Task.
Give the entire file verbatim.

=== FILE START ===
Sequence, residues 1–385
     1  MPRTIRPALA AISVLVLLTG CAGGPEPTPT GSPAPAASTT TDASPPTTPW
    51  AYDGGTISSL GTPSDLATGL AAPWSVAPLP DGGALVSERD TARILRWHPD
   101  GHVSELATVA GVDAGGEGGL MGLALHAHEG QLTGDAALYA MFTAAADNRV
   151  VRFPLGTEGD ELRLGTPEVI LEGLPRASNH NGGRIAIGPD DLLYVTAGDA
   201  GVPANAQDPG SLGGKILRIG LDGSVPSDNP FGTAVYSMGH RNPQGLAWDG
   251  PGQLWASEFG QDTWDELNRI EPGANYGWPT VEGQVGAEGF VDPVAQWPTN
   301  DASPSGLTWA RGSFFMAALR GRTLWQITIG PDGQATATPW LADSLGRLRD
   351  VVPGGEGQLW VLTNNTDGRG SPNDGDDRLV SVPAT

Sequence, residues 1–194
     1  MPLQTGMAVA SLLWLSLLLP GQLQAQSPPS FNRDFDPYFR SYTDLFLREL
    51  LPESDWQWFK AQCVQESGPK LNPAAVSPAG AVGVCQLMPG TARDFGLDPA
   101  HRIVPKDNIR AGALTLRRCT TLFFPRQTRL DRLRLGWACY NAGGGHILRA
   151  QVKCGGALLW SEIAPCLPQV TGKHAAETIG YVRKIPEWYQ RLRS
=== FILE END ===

Sequence, residues 1–385
     1  MPRTIRPALA AISVLVLLTG CAGGPEPTPT GSPAPAASTT TDASPPTTPW
    51  AYDGGTISSL GTPSDLATGL AAPWSVAPLP DGGALVSERD TARILRWHPD
   101  GHVSELATVA GVDAGGEGGL MGLALHAHEG QLTGDAALYA MFTAAADNRV
   151  VRFPLGTEGD ELRLGTPEVI LEGLPRASNH NGGRIAIGPD DLLYVTAGDA
   201  GVPANAQDPG SLGGKILRIG LDGSVPSDNP FGTAVYSMGH RNPQGLAWDG
   251  PGQLWASEFG QDTWDELNRI EPGANYGWPT VEGQVGAEGF VDPVAQWPTN
   301  DASPSGLTWA RGSFFMAALR GRTLWQITIG PDGQATATPW LADSLGRLRD
   351  VVPGGEGQLW VLTNNTDGRG SPNDGDDRLV SVPAT

Sequence, residues 1–194
     1  MPLQTGMAVA SLLWLSLLLP GQLQAQSPPS FNRDFDPYFR SYTDLFLREL
    51  LPESDWQWFK AQCVQESGPK LNPAAVSPAG AVGVCQLMPG TARDFGLDPA
   101  HRIVPKDNIR AGALTLRRCT TLFFPRQTRL DRLRLGWACY NAGGGHILRA
   151  QVKCGGALLW SEIAPCLPQV TGKHAAETIG YVRKIPEWYQ RLRS